Rosehip is actually a collective name for 10 different varieties of wild roses with edible fruit and flowers. Some species of rosehips are invasive and spread aggressively (they're on the government's list of plants that need to be controlled!), but you won't regret letting them spread to your kitchen counter.
Where to Find It
Rosehip bushes are very common in holiday home areas, where they've been planted as windbreaks since the 1950s. The poor soil conditions were never a problem for the rosehip plant, which spread fiercely in the following decades into the surrounding landscapes, where it gained a foothold on the edge of woods and along roads. Rosehips need sunlight, but are otherwise hardy—they can withstand salty, dry conditions, severe frost, and wind. Their resilience enables them to thrive in many areas, like sand dunes and around the edges of the beach.
Salt marshes, beaches, towns.
When to Find it
You can harvest the flower petals in June and July, and gather ripe rosehip fruit from July, though the latter may very well hang on the bush well into October. A little overnight frost won't hurt them, but as the season progresses, the greater the risk that rosehips will be attacked by worms.
Flowers: June, July.
How to Spot It
Rosehip is a bush that grows up to a meter and a half tall with wrinkled, dark green leaves and short, brown thorns. In summer, it blooms with yellow, pink, or rose-colored petals and has a strong rose scent. When it wilts, it will leave behind large, berry-like fruits measuring six to ten centimeters in diameter. Depending on the variety, the fruits will either be round or ovoid. Most often they're red or orange, but can also be a deep chestnut color or solid brownish-black.
How to Pick It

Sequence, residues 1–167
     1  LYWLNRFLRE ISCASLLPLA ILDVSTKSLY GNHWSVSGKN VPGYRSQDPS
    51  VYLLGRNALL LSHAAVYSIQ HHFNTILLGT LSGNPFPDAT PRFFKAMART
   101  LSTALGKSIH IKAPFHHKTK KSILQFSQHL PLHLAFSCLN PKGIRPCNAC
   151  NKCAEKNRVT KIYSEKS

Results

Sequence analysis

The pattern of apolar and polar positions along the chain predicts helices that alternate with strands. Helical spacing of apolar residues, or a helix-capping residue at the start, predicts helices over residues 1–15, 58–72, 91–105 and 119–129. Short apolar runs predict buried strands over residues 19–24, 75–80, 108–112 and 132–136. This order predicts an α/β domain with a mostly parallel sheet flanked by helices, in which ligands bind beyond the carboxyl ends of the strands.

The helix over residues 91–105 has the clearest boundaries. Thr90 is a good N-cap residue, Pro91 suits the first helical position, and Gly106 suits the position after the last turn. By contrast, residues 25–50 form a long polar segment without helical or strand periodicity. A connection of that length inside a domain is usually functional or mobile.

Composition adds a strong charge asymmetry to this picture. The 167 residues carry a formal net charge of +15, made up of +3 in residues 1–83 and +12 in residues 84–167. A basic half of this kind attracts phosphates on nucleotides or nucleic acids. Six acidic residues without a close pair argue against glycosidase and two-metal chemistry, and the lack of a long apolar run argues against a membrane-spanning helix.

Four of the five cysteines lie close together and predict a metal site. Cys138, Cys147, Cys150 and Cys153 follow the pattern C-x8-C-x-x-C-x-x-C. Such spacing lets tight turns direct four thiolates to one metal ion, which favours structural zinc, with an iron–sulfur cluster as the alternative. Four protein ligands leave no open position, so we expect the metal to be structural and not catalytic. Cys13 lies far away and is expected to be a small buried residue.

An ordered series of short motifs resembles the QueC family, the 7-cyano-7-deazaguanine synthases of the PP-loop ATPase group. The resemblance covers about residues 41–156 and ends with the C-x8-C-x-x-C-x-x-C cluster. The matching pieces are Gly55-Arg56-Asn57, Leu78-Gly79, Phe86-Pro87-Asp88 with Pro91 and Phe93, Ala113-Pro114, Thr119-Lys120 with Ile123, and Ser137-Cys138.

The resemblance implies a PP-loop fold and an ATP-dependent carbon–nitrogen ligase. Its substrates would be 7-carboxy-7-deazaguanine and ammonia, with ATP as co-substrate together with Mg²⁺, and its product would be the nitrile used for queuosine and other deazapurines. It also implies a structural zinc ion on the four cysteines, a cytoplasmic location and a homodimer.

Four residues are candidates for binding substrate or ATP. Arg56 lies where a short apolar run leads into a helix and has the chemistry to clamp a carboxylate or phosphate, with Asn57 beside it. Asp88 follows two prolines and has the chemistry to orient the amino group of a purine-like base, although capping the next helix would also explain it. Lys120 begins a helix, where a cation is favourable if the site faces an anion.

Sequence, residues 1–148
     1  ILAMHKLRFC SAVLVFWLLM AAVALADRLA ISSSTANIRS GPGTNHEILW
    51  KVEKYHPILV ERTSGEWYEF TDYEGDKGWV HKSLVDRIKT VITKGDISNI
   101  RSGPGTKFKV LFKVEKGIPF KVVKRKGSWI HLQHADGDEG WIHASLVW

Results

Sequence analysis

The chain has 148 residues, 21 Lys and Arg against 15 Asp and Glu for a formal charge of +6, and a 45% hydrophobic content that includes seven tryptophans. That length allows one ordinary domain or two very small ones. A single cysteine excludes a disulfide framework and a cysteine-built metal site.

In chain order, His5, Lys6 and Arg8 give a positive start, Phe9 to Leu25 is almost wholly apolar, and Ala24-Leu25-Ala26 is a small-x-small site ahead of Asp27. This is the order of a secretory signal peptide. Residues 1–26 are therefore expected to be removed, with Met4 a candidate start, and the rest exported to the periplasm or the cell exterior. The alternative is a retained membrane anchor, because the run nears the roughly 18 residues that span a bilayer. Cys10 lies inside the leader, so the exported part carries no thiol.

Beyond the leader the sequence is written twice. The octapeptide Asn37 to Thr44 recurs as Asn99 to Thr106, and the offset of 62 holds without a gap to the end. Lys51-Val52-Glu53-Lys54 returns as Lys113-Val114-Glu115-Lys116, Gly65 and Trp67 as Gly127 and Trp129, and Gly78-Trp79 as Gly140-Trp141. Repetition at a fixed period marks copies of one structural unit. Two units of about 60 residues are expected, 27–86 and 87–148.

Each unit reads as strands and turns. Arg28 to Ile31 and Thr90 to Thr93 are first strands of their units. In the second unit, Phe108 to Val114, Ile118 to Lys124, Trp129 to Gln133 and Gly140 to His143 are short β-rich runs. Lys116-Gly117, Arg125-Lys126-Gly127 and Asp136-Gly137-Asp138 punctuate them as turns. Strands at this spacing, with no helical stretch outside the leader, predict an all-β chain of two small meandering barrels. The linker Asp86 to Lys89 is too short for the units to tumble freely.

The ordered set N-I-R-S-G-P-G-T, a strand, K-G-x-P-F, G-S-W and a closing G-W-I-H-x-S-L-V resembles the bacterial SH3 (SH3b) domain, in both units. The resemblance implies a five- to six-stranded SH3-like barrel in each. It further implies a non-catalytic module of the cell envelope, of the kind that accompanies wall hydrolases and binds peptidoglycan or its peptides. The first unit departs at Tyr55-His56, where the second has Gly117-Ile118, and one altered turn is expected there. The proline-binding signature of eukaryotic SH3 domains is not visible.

You can easily pick the flower petals from the rosehip bush, but be careful not to damage the fruiting bodies. Gently twist the fruits off of the bush or snip them off with a pair of scissors.
Unripe fruits: July, August.
Ripe fruits: July, August, September, October.
On the palate
Different kinds of wild rose vary widely in taste. The flower petals generally have a sweet, floral flavor with notes of soap—they're succulent and almost crisp at times. The fruit taste mildly of apple peel with sweet, winegummy undertones. The flavor of each intensifies over the course of the season. Rosehip skin is smooth and firm; the flesh is similar in texture to a mealy apple.
The flowers smell of sweet, perfumed rose, while the fruits have a dry, spiced scent.
Hollow out the fruits with a spoon and discard the seeds. Only the peels and outer layer of flesh are interesting--they can be eaten raw, boiled, or dried. The fruit is high in vitamin C; if you’d like to preserve that nutrient, you should dry the rosehip rather than boil it. Be patient as you hollow out rosehips—it can take a long time to get out all of the seeds and the tiny hairs on the seeds can also make your skin itch. You may want to keep a pair of thin gloves on hand.
Use rosehip peels to make marmalade, jam, or chutney, all of which can be served with cheese or venison. Boil a syrup for your morning porridge or make your own spiced schnapps. Rosehips are also a fantastic companion to lobster. The petals have a rosy fragrance and can be used as edible decorations, or to add an aroma to salad or berry desserts (especially those with strawberries). Make rose water from the petals by pouring boiled water over them and letting them steep for 24 hours. You can sprinkle rose water on fruit or desserts—or use it to make an aromatic ice cream.
If frozen, rosehip peels will keep for at least a year. Store the fresh fruit in a cool place and they'll normally keep for a couple days. Cover the flower petals with a moist cloth and store in a sealed bag or airtight container inside the crisper drawer of your refrigerator. It's best to use them as quickly as possible, but they will normally stay fresh for up to five days.
You can substitute cranberries for something approximating the pungent, fruity flavor of rosehips. It's fine to substitute one kind of rosehip for another, but it's difficult to find another flower with the exact same perfumed scent.
Risk of misidentifying the plant
It can be difficult to tell the difference between various types of wild roses, but there's no risk of confusing them with something toxic. The most common rosehip in Denmark is called rosa rugosa. Its fruit is round, while the dog rose's, for example, are more oblong. A third type of rosehip is the burnet rose, which has tiny, brownish-black fruit. All three behave more or less the same when cooked.